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Takieh v. O’Meara - 8/10/2021

Arizona Court of Appeals Division One holds that calling a doctor an “idiot” for missing an “obvious” diagnosis does not support a defamation claim, and that Arizona’s statute protecting the confidentiality of hospital peer-review proceedings does not require production of a privilege log.

A medical doctor sued members of a hospital peer-review executive team that restricted his practice and revoked his clinical privileges for allegedly defamatory statements, including a statement that the doctor was an “idiot” who allegedly missed an “obvious” diagnosis.  In response to the doctor’s discovery requests, the executive team invoked the peer-review privilege found in A.R.S. § 36-445.01 and declined to produce requested documents or a privilege log.  After discovery, during summary judgment briefing, the doctor produced two affidavits from other doctors who allegedly overheard defamatory statements.  The trial court struck the two affidavits as untimely and granted summary judgment to the executive team.

The Court of Appeals affirmed.  The Court of Appeals held the members of the executive team were not required to produce any peer-review materials or a privilege log under A.R.S. § 36-445.01.  In addition to the materials themselves, the overriding public interest expressed in the statute protects from disclosure a privilege log which would reveal which peer-review witnesses and executive committee members communicated with the hospital’s legal counsel about the peer-review process.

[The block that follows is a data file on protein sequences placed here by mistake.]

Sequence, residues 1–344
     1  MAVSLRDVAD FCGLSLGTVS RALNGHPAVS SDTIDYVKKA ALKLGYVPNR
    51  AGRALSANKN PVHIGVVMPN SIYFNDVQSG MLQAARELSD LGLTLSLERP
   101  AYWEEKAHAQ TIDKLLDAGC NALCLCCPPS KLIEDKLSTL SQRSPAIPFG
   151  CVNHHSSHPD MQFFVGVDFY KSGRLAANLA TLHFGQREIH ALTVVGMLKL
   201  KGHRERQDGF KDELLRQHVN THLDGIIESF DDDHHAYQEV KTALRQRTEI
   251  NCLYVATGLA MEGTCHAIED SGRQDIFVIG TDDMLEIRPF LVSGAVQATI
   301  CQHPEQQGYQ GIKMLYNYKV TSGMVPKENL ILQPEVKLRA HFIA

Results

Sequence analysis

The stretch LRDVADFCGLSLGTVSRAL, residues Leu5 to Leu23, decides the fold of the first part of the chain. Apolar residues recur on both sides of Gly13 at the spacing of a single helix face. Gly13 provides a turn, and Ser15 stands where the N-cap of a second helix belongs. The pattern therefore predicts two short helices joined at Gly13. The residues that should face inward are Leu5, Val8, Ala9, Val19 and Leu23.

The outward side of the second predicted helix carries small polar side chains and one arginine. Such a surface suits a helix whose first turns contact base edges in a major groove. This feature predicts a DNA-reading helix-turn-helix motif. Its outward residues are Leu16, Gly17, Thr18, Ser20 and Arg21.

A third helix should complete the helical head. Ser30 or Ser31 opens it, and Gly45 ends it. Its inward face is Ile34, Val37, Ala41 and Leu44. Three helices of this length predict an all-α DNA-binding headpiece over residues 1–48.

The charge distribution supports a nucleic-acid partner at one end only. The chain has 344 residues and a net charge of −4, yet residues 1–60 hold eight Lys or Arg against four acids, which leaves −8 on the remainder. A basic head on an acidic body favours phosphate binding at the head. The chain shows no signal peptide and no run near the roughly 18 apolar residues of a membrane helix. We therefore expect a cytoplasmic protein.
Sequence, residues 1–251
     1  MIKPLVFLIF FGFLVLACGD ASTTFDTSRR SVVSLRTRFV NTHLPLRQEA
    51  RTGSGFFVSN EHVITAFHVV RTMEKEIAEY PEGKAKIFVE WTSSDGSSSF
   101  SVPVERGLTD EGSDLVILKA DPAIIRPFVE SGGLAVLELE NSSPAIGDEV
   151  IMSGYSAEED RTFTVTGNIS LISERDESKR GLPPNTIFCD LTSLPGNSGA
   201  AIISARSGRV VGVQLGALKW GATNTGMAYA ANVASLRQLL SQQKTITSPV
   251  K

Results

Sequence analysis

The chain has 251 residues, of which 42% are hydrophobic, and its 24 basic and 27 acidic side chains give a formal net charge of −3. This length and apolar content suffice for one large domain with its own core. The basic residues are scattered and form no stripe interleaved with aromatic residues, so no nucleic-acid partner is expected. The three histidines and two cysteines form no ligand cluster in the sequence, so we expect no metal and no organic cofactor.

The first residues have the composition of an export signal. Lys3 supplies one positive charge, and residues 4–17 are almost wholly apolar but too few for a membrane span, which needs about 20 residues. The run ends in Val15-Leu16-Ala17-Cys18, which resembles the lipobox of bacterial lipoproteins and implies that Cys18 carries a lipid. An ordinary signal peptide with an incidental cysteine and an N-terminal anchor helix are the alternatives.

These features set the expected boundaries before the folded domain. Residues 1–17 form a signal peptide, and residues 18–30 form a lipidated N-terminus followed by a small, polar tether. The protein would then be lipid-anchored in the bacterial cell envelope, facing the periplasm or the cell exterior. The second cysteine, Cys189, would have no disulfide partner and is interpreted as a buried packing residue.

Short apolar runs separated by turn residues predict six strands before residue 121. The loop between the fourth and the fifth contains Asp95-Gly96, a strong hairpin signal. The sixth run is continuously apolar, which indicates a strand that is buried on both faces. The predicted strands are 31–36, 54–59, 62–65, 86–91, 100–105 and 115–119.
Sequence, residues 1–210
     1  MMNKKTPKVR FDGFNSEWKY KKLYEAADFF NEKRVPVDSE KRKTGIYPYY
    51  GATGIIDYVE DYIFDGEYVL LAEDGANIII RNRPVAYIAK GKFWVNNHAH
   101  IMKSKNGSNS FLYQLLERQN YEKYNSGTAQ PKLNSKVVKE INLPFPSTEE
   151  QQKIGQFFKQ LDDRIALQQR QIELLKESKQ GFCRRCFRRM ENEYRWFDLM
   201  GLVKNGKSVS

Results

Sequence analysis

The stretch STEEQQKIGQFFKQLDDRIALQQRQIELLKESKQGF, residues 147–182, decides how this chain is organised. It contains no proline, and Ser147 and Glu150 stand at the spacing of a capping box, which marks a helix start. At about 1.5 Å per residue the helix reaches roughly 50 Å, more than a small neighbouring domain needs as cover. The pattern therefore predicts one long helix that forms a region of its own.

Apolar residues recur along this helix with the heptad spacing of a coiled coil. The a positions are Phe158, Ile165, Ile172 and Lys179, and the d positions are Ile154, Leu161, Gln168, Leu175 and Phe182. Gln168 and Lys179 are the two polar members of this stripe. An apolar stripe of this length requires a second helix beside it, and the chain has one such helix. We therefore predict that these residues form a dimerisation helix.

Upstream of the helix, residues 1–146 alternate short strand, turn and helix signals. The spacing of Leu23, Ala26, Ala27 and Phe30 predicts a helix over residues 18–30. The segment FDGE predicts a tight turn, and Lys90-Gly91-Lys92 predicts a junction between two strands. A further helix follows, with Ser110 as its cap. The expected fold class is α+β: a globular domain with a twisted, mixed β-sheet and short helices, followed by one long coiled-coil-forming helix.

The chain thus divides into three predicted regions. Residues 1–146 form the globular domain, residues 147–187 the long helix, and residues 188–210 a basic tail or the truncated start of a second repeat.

In addition, the statement that the doctor was an “idiot” who administered a certain treatment despite an “obvious” medical condition, could not support a defamation claim as a matter of law.  Statements of opinion or subjective belief are actionable only if they may be proven false.  A statement is not actionable if it does not present the kind of empirical question a fact-finder can resolve.  Both the statement that the doctor was an “idiot” and that the diagnosis was “obvious” were statements of opinion not susceptible to being provably true or false.  Accordingly, the Court of Appeals affirmed summary judgment dismissing the defamation claims based on those statements.

Judge Campbell authored the opinion in which Judges Williams and Morse joined.

Posted by: Travis Hunt 

Posted On: 10/15/2021